A few years ago Great Crested Newts were discovered in the Sanquhar Woods area by SNH (now called Nature Scot) employees, but since then have kept a low profile until now. This year a few have been seen in and around Sanquhar Woods: the weather conditions have possibly suited them.
DNA studies have shown that the very small and localised Great Crested Newt population here is genetically distinct from those found south of the Highlands, indicating that they made their own way up here between 3,000 and 7,000 years ago during a warmer period by crossing the Highlands or maybe coming through the Great Glen. There are no records of them along the coastal plains east and south of here. The photograph shows a Great Crested Newt. They are from 4.75 to 6.25 inches long.
Great Crested Newts are a rare and declining species with special protection and it’s only legal for anyone to handle or disturb them if they have a licence from Nature Scot. The only exception being if it’s necessary to save their lives such as when they are found trapped in a gully pot.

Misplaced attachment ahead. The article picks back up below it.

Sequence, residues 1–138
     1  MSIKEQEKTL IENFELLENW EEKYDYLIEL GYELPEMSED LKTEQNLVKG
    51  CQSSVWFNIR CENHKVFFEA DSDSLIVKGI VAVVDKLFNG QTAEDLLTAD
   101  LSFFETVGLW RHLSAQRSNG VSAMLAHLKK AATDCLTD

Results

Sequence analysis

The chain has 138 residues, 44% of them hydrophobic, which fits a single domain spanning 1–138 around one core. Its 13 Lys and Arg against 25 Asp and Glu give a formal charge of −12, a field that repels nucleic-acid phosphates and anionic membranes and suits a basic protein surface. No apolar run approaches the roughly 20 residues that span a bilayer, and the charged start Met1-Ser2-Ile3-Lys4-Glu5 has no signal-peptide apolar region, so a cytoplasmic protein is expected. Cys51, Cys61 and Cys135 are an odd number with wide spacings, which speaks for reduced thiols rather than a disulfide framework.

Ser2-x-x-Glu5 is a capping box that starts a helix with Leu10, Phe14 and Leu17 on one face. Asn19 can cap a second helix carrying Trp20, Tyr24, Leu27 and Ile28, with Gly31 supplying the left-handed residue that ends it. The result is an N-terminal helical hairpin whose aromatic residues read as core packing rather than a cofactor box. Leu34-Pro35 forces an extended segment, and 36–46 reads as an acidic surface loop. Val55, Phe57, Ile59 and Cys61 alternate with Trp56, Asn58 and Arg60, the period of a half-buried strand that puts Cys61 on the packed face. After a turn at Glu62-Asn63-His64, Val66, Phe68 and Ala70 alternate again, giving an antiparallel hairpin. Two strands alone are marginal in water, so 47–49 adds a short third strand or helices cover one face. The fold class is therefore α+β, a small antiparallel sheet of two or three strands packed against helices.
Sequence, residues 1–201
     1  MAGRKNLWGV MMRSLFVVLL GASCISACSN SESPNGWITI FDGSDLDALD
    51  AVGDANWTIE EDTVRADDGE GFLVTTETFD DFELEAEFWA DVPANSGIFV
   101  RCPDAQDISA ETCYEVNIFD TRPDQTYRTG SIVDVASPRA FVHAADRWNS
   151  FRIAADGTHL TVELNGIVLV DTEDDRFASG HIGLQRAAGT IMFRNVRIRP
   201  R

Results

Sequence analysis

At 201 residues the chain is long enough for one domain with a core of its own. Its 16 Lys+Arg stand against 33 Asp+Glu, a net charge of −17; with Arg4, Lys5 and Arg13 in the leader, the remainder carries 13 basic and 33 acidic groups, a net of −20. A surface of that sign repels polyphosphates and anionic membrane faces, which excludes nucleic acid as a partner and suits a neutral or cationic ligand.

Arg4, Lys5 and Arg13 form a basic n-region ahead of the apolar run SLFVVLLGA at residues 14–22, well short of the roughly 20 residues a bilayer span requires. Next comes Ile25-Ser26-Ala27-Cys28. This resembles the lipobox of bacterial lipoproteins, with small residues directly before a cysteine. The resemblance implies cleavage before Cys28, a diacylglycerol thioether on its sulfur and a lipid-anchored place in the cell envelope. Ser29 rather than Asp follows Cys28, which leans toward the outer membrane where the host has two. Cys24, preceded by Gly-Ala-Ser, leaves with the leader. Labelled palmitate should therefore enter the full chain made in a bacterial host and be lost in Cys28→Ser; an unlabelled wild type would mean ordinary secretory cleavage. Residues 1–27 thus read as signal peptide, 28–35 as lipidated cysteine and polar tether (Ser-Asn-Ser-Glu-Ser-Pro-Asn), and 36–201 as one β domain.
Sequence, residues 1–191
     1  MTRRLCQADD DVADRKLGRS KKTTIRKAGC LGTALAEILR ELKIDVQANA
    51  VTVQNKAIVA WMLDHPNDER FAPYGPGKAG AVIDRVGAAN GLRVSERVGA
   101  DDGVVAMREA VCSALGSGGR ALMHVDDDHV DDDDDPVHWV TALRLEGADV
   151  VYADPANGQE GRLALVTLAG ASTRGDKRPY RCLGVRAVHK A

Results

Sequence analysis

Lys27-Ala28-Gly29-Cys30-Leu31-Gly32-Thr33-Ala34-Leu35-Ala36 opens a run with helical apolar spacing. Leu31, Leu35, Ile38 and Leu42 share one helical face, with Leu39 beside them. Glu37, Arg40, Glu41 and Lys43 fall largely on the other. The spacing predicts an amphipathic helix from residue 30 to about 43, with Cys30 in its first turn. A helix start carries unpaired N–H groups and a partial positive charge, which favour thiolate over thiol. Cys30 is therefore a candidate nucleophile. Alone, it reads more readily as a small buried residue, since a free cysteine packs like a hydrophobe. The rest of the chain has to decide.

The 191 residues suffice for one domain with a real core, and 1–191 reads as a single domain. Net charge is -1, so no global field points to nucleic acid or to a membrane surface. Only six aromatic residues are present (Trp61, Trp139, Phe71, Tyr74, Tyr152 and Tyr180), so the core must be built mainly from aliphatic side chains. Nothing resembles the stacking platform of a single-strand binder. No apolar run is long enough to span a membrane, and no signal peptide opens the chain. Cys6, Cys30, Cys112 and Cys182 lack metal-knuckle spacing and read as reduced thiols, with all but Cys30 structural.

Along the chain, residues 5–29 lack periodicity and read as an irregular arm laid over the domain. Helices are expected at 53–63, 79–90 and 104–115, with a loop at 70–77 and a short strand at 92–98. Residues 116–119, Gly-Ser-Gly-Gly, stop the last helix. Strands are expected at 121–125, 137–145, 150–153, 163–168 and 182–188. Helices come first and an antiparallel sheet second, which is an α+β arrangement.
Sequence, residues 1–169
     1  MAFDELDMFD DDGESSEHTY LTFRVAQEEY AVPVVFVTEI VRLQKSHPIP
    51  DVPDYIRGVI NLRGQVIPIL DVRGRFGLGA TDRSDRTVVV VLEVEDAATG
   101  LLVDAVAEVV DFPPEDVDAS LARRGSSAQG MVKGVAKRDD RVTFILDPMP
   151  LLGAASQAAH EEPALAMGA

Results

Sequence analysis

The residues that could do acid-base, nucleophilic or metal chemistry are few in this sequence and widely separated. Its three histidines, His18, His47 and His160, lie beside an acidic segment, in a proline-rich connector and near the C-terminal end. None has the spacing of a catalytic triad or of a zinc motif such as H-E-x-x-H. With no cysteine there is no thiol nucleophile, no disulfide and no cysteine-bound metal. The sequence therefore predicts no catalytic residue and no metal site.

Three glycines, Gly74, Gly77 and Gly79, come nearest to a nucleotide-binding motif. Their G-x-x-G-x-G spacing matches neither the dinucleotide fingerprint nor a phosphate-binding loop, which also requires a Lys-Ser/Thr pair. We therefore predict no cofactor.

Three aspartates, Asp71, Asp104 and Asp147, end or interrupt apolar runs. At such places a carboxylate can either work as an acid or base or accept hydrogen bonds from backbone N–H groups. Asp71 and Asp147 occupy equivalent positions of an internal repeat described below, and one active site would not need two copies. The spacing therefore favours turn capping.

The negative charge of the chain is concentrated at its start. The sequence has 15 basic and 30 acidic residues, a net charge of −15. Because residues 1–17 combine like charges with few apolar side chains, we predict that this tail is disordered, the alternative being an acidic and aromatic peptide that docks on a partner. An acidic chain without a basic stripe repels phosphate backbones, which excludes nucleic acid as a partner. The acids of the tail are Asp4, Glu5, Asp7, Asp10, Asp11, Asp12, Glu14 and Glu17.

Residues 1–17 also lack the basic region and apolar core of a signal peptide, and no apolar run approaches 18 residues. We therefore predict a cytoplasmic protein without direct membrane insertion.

If you do need to handle them or any other amphibians it’s best done with soft gloves as their semi-permeable skin (which enables them to extract oxygen from water) makes them vulnerable to chemicals on your hands or even the natural dryness, warmth or acidity. There are different theories about this but I’ve certainly noticed that when I’ve rescued toads from drains and have had to grab them quickly to stop them jumping back in, that they haven’t liked hands without gloves. Apparently wet hands are not so bad. There is also a small risk of salmonella transmission to the human.
Amphibians, including this species can be helped by making an amphibian hibernacula in one’s garden. You can find a lot online about this but an important consideration, not always mentioned, is that they need to be made just above ground in areas prone to flooding or soil saturation, though in drier places hibernacula that are both above and below ground make better use of available space. This is because water underground would be too low in oxygen to sustain them. Logs or log piles left undisturbed and well vegetated ponds without fish will also help them as fish like to eat newt eggs and larvae.
If you do need to move logs take care not to crush creatures underneath and avoid moving in frosty conditions when newts and other creatures may not be able to survive the disturbance.
Article thanks to Steve Hull